LUCASVILLE, OH — At 10 A.M. on July 13, 2010, 37-year-old William Garner entered the death chamber at the Southern Ohio Correctional Facility. Twenty minutes later, the lethal chemical that prison staffers injected into his veins did their job. The act of execution stood complete.
With that, Garner paid the state-ordered price for a horrifying crime he had committed 18 years earlier, a burglary that ended with him setting several indoor fires that killed five children. The oldest of Garner’s victims was 11.
On January 26, 1992, William Garner, then just 19, stole a purse out of an emergency room at a Cincinnati hospital. The bag belonged to Addie Mack, a local mom, who was in the hospital after having slipped and fallen on a patch of ice.
From there, Garner headed to the address on Mack’s identification and used her keys to open the door. His aim was to rob the place while Mack was still getting patched up.
Once inside, Garner said he was “surprised” to stumble upon four girls and two boys asleep in various bedroom. Four of the children were Mack’s own kids, another was their cousin, and still another was a neighbor boy spending the night.
In the course of Garner loading up items to make off with, one of the little girls awoke and asked for a glass of water. Garner told her that he had run into their mom at the hospital and that she sent him to make sure all the kids were okay.
Upon putting the child back to bed, Garner carted a TV, a VCR, a telephone, and a “boom box” down to a waiting taxi. He then told the driver to hang on a minute, and he bolted back upstairs.
Before finally leaving, Garner set a series of fires, two of which smoldered out quickly. A third rapidly engulfed the living room couch and turned the residence into an inferno, with deadly smoke overtaking every inch of air. Awakening to impenetrable black smoke, Addie Mack’s oldest son, 13-year-old Rod Mack, broke a bedroom window and summoned the other children to follow him outside. They never made it, succumbing to the smoke as the older boy attempted to guide them with his voice.Denitra Satterwhite, 12; Markeca Mason, 11; Richard Gaines, 11; Deondra Freeman, 10; and Mykkila Mason, 8; all died on the spot.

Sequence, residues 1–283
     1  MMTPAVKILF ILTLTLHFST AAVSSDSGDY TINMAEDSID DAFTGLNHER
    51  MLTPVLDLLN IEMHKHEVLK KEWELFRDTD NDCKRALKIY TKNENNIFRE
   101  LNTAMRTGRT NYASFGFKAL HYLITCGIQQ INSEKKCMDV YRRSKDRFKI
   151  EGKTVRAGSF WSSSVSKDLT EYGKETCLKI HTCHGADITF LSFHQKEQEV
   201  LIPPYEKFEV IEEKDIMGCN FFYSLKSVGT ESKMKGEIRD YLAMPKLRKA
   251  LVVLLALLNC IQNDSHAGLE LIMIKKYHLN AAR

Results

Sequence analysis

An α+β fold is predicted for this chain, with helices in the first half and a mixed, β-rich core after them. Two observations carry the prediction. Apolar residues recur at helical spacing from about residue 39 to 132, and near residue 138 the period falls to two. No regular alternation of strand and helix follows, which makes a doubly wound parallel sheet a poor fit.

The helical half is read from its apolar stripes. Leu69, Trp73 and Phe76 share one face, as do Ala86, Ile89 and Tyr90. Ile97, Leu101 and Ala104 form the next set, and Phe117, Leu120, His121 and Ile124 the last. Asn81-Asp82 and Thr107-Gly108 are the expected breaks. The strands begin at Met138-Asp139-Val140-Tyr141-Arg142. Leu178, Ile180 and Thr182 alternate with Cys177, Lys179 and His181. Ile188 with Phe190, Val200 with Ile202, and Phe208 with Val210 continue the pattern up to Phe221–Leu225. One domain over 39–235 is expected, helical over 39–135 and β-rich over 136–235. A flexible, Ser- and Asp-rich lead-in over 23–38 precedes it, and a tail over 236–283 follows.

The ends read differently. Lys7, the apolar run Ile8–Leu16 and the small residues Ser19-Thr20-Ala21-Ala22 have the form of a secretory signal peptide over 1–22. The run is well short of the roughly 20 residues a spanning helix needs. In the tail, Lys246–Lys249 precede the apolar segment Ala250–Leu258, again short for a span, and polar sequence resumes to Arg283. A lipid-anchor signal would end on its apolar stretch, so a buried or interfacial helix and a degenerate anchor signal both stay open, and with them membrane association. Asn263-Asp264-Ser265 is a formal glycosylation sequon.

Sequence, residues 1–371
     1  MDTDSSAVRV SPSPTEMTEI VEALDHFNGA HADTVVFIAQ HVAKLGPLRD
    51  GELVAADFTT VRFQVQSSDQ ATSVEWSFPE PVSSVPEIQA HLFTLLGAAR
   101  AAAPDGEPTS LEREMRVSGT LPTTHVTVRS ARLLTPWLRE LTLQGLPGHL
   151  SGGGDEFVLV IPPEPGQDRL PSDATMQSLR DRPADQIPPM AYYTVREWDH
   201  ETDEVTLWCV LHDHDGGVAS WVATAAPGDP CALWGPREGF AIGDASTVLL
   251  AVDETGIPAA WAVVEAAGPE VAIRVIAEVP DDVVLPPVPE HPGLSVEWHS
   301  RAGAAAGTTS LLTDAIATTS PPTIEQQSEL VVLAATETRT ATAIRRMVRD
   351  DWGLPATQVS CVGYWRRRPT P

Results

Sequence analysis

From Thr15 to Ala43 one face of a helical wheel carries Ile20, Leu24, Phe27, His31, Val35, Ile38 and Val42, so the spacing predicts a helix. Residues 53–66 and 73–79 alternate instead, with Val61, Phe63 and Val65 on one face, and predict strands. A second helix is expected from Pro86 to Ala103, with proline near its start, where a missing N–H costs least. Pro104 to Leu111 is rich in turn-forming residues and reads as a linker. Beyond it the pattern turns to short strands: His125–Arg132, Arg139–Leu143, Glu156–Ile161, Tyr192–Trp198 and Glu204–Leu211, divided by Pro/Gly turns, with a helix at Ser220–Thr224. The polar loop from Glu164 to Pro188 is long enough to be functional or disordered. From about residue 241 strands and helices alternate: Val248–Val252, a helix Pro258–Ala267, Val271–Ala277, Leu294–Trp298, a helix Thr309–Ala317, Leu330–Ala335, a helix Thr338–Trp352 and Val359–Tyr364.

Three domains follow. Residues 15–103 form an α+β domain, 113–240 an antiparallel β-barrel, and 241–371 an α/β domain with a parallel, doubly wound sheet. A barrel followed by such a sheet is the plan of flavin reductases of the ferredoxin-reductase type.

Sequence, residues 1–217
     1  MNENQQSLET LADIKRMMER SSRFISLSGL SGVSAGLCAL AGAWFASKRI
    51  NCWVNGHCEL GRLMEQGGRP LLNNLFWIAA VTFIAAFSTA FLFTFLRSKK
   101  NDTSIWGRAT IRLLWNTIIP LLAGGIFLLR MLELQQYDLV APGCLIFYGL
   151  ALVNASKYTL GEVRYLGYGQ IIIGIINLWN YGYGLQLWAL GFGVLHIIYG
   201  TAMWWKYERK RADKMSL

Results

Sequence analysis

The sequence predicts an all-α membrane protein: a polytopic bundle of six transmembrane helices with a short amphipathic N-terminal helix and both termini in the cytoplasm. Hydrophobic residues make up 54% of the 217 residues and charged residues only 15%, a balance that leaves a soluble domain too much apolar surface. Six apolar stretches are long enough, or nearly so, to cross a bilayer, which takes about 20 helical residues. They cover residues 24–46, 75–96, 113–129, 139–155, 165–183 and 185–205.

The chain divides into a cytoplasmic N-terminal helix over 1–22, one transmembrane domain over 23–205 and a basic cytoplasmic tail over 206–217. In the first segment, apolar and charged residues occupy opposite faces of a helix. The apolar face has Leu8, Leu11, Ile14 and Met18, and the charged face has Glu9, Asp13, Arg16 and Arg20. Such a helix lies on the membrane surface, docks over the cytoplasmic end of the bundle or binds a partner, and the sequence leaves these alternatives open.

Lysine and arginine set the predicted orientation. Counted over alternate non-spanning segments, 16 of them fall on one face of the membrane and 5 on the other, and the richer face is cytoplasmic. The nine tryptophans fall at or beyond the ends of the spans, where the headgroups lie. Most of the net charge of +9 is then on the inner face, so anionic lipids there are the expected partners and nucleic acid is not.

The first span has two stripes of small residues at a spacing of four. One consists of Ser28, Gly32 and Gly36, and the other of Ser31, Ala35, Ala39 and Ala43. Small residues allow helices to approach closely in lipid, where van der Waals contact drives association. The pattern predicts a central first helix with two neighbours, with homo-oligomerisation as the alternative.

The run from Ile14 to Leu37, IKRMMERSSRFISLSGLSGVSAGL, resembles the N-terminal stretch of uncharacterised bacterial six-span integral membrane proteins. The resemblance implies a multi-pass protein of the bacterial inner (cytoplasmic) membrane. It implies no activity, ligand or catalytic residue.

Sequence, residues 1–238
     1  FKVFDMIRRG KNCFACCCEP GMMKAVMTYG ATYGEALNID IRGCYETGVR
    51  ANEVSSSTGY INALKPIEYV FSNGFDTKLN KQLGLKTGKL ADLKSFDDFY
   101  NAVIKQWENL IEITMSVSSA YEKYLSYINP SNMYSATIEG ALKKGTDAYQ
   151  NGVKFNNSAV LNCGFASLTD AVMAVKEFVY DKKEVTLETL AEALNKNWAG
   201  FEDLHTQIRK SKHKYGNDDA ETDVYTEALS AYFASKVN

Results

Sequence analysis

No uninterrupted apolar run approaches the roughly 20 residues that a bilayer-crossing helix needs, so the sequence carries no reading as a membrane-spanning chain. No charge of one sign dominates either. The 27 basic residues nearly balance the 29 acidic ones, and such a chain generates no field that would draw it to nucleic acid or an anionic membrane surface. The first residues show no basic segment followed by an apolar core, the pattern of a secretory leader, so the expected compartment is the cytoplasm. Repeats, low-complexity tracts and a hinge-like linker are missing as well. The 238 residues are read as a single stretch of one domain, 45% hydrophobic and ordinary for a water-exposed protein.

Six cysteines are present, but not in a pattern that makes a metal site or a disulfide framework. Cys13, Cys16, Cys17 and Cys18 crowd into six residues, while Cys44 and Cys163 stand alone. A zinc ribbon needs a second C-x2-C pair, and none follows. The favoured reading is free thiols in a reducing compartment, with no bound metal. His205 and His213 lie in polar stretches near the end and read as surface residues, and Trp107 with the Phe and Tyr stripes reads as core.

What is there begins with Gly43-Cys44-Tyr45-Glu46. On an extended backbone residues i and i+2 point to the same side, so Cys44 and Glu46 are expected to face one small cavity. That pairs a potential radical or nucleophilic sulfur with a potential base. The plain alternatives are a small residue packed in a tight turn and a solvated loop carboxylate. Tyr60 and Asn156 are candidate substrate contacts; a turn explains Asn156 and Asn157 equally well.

When news broke the next day, the cab driver that unknowingly sped Garner away from the scene contacted the authorities. Cops knew the suspect well. Garner had a criminal arrest record dating back to when he was just 11.
Garner confessed to the robbery and to setting the fires, but he swore he never intended to hurt anyone, and that he just wanted to destroy his fingerprints. He told detectives he thought the kids would smell the smoke and have plenty of time to escape.
The public defenders assigned to Garner pushed the notion of his being psychologically incompetent, and insisted he never actually meant to commit murder. With an IQ of 76, Garner ranked just two points above the legal cutoff for “mental retardation.”
During Garner’s trial, his attorneys cited the teen having being raised in an “extremely violent and dysfunctional” environment and stressed his “limited intellect, history of developmental disorders since birth, and brain impairment from lead poisoning.” The jury did not concur. They ruled Garner guilty on five counts of murder, and the court sentenced him to death. Over the ensuing years in prison, Garner proved to be a constant discipline problem, racking up 13 serious violations, including one for setting a fire.
Attorneys attempted one last clemency appeal in 2010, but came away unsuccessful. The parole board told them:
“Considerable weight was afforded the considerable mitigation presented…. We cannot conclude that the mitigating factors are significant enough to outweigh the aggravating circumstances of an offense resulting in the death of five innocent children.”
When his date with the needle finally arrived, Garner seemed to accept his fate. Parents, relatives, and friends of the dead children showed up in such numbers that Ohio had to set up a second viewing room for the witnesses.
The night before, Garner ate a final meal of Porterhouse steak with A1 sauce, onion rings, fried shrimp, barbecue ribs, potato wedges with cheese, sweet potato pie, chocolate ice cream, barbecue wings, salad, Funyuns, and Hawaiian punch.
While strapped to a gurney in the execution room, Garner clutched a dreadlock cut off and given to him by a female friend. He also stated he was “heartily sorry” for killing the children and for the agony he brought upon their loved ones. With his final words, Garner said, “I thought I’d never be free, but I am free now.”
Main photo: William Garner [Ohio Department of Corrections]